Annotate this Case

1952 OK 334
249 P.2d 120
207 Okla 255
Case Number: 35305
Decided: 10/14/1952
Supreme Court of Oklahoma


¶0 WORKMEN'S COMPENSATION - Continuing jurisdiction of commission to enter an award for permanent disability. After a claim is filed the jurisdiction of the State Industrial Commission is fixed and there is no time limit set upon the right to enter an award for permanent disability, as the commission has a continuing jurisdiction to enter an award for permanent disability.

Appeal from an order denying claimant's right to recovery for permanent disabilities alleged to have been sustained by him. Reversed, with directions.

Paul Pugh and Claud Briggs, Oklahoma City, for petitioner.

Pierce, Rucker, Mock, Tabor & Duncan and Mac Q. Williamson, Atty. Gen., Oklahoma City, for respondents.


¶1 The petitioner, I.J. Simon, will be hereafter referred to as claimant; the Amerada Petroleum Company will be designated as respondent, and the State Industrial Commission will be identified as the commission.

¶2 The record discloses that claimant was an employee of the respondent engaged in a hazardous employment; that he sustained an accidental injury arising out of and in the course of his employment on the 15th day of February, 1928, for which he was furnished medical treatment and paid temporary total disability compensation by respondent but was never awarded or denied any compensation for permanent disability by order of the commission.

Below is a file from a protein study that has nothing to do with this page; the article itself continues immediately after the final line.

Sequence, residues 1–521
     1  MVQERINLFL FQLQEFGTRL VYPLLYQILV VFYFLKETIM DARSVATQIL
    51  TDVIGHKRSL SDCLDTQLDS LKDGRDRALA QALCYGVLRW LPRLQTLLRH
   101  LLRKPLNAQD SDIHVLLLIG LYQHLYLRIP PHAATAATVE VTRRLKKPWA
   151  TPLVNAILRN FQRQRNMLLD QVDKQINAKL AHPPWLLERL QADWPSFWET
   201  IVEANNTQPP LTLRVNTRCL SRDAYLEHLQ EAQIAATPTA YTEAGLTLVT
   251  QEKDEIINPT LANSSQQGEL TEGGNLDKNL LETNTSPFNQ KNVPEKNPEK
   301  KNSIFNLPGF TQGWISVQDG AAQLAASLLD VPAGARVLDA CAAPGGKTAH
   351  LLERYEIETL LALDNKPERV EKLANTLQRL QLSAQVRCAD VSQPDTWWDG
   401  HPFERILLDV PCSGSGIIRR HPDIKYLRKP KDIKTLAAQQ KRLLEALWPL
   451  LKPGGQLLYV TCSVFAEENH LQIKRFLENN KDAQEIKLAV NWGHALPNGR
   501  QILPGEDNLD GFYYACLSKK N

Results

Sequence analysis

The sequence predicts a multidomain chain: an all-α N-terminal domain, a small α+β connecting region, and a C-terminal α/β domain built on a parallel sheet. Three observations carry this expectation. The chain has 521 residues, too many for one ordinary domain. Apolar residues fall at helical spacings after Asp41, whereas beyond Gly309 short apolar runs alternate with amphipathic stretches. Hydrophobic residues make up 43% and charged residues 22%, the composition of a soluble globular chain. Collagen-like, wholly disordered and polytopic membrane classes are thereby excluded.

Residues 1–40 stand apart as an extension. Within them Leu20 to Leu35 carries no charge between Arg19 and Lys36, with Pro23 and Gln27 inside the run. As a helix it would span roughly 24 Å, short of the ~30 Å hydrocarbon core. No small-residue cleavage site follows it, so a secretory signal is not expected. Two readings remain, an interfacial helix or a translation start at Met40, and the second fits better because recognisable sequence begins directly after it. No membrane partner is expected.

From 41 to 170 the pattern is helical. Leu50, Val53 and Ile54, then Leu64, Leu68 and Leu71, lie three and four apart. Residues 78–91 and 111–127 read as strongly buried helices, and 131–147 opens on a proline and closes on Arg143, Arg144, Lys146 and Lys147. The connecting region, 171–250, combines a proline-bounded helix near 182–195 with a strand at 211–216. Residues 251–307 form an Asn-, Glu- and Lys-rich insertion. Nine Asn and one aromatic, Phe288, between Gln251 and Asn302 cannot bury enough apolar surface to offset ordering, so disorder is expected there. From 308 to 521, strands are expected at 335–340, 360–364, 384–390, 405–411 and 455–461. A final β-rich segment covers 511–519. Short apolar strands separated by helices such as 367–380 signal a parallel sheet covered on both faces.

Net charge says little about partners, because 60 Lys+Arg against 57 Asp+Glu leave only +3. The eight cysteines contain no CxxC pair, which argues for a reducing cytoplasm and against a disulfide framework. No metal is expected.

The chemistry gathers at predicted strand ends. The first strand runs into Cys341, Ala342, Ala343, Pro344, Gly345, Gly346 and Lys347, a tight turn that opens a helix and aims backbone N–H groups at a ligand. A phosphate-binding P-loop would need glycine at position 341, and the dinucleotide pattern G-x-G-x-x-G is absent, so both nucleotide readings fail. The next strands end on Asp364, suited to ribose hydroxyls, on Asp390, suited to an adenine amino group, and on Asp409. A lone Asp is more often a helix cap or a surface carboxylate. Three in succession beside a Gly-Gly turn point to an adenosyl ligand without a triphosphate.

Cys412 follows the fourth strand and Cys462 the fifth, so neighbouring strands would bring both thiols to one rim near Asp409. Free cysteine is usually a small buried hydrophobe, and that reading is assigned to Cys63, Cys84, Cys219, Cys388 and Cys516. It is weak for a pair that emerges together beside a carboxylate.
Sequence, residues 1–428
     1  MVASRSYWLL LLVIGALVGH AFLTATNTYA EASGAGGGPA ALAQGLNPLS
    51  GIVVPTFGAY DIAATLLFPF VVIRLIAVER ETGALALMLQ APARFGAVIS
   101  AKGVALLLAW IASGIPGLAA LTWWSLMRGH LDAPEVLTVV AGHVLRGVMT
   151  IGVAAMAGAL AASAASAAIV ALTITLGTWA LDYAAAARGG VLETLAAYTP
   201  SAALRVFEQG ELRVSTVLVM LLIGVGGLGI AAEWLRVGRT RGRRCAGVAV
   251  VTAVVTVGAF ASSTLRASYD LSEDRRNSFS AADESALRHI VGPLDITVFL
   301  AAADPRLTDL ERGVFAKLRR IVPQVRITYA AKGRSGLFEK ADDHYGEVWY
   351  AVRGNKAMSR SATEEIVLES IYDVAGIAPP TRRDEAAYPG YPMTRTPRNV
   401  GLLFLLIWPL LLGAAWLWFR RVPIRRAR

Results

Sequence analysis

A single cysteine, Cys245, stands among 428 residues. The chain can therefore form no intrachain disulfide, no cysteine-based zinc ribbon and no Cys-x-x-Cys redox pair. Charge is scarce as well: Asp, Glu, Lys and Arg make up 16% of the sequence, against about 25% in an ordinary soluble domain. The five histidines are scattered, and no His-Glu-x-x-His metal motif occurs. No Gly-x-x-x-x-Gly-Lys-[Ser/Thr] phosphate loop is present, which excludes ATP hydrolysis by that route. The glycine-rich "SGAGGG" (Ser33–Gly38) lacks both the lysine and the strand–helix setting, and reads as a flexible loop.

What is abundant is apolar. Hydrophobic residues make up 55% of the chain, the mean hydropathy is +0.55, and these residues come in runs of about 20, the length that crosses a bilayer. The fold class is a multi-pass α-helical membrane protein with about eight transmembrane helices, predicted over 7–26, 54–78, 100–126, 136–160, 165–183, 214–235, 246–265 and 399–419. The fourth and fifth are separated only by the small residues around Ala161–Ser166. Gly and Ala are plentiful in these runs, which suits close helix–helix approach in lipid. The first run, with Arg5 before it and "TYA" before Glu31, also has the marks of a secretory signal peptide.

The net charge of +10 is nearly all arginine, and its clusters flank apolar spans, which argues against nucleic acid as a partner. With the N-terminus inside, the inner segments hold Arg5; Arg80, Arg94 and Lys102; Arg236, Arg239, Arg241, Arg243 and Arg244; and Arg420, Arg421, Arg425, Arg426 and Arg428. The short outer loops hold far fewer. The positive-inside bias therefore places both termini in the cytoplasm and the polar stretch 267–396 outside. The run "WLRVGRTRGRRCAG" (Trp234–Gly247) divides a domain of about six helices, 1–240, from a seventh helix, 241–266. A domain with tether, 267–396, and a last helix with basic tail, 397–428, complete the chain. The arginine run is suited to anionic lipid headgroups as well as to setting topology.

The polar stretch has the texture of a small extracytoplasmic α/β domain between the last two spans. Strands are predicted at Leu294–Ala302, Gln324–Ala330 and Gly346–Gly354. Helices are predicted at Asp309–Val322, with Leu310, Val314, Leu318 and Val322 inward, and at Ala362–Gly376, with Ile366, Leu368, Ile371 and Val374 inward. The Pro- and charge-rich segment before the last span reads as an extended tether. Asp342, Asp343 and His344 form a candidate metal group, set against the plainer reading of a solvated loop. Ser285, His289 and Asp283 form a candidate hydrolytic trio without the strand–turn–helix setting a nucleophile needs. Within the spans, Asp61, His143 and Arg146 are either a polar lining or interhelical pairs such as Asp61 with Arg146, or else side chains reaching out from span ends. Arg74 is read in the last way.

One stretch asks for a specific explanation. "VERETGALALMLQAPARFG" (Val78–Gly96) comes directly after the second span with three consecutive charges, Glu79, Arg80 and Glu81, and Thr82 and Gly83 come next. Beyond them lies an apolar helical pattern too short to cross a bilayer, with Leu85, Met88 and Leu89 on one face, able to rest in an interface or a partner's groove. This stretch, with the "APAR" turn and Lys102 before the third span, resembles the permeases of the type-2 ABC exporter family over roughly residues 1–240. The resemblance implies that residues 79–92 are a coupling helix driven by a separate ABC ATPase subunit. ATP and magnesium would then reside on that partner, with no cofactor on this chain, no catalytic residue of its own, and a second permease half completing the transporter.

¶3 The record further reveals that on February 21, 1928, respondent, as claimant's employer, filed with the commission "Form 6", reporting the payment of compensation for temporary total disability at the rate of $18 per week, commencing on the date of injury, and showing nature of the injury as "burned face and hands". Following this report the respondent (employer) filed a "Form 4" (attending physician's report) bearing the date of March 15, 1928. On May 24, 1928, the same physician filed another physician's report, wherein, in describing the nature and extent of claimant's injuries, it was said:

"Both hands and wrists, face, lips, neck and ears were burned to first degree with several places the size of one half to one dollar on face and hands and two thirds of each ear and lower lip on right side burned to second degree. The entire face is burned to borderline between first and second degree."